Thanks to Ginnie (In Soul), what has always been said of me has now been confirmed.
I'm a communicator. I like to talk. I love to share ideas. I am no secret. Outside or inside, there is not much difference. I am pretty much just as I appear. At first I thought that meant I wasn't that deep, but I now realise that it means my depth is very close to the surface and that you don't have to dig very far in order to find the real me. I don't hide things. Ask me a personal question and you'll likely get a direct answer.
In school every report card was sent home with the words "loves to talk" or "talks too much" somewhere on the page. Never mind the straight A's, I was always being told to keep quiet and to listen more. My favourite doll was "Chatty Cathy", and all my Barbies had their own voices. My Mom always said that my younger brother didn't speak until he was well over 2 because I did all his talking for him.
Now that I'm an adult I don't think I talk all that much and I hope my listening skills are better developed. But I still love those little conversations that are spread throughout a normal day. I noticed how much I thrived on those while in NYC last week. I'd buy a sandwich and chat with the girl behind the counter. Standing in line for the toilet I'd turn around and ask the women behind me where they were from. Sitting in the audience at the musical I'd smile and chat with the person beside me. Snippets of other people's conversations were oh so interesting. The constant noise of the city was stimulating, not draining. I wanted to take it all in and remember every moment.
Now I'm back in Albania, and I feel frustrated. Some of the younger Albanians speak English really well, but most people my own age don't. Instead they speak Italian as their second language, a language I've never studied. The noise of Tirana drains me rather than stimulates. I wear my earphones attached to my iPod in order to keep out the constant sound of horns and traffic. I don't listen to other people's conversations because I can't understand them. "Si jeni?" (how are you?) and "Mire" (good) are about the extent of my daily conversations with people I meet on the street. The boy who sells sunglasses outside my apartment always smiles and asks how I am. "Mire" I say, wishing I could stop and have a longer conversation with him, the adorable boy with shockingly beautiful teeth. The older man with a thick bundle of American dollars who stands on the corner where money is exchanged tries to make contact with me on my way to the gym. "Morning" he calls out to me, his only English word. "Morning" I call back with a smile. In the little shop where I buy water, I hesitatingly ask for "Uje" and inquire "Sa kushton?" (how much?). Without language I become as a child, and I am bothered by it.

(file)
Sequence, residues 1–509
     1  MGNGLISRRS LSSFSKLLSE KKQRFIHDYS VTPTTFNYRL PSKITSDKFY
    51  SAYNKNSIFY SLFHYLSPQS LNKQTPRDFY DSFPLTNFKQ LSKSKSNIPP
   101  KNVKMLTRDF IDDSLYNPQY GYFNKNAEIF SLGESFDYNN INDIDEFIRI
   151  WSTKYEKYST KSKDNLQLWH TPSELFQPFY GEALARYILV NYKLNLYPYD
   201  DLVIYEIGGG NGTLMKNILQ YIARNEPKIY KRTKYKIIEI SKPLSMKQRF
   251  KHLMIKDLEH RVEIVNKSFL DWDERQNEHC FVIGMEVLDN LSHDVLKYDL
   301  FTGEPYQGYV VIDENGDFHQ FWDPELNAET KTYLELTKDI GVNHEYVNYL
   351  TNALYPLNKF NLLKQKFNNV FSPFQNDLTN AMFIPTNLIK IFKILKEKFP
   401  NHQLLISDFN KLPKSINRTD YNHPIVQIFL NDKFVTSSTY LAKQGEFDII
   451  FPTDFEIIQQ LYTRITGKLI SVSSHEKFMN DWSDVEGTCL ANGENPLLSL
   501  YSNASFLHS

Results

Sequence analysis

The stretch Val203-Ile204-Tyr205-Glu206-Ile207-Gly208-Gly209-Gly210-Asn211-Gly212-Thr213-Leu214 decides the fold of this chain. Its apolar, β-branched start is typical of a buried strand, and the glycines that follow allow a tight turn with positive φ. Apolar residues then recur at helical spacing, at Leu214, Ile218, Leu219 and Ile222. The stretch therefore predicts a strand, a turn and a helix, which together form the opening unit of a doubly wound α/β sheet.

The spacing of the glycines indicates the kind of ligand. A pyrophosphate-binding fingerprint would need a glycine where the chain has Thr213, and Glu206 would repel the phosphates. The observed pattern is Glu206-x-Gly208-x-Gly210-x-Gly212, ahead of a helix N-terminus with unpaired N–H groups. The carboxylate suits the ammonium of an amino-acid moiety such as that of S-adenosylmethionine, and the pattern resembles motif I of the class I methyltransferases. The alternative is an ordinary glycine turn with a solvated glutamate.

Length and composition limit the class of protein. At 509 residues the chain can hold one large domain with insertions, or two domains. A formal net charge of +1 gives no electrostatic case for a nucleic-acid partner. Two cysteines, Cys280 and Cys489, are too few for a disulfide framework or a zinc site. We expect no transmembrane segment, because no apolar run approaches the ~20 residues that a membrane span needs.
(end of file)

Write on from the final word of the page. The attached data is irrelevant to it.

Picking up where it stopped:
There's a sweet lady who sells various neccesities from the top of a cardboard box. She crouches all day on an even smaller box and as I pass her I always make sure to smile at her and give a little wave. There's nothing I need to buy from her, though I wish there was. Yesterday as I was passing she waved to me and motioned for me to stop. She reached into her pocket and pulled out a packet of chewing gum with just two pieces left. She spoke to me in Albanian, asking how I was and more. Again I used my one word "Mire". Her chubby fingers struggled to get a piece of gum out for me and the last one for herself. If I could speak her language I would loved to have asked her questions about her life, her family, her country.
But I can't. Me, the girl who was always told to be quiet, is now often speechless.
Ludwig Wittgenstein (1889 - 1951), Tractatus Logico-Philosophicus (1922)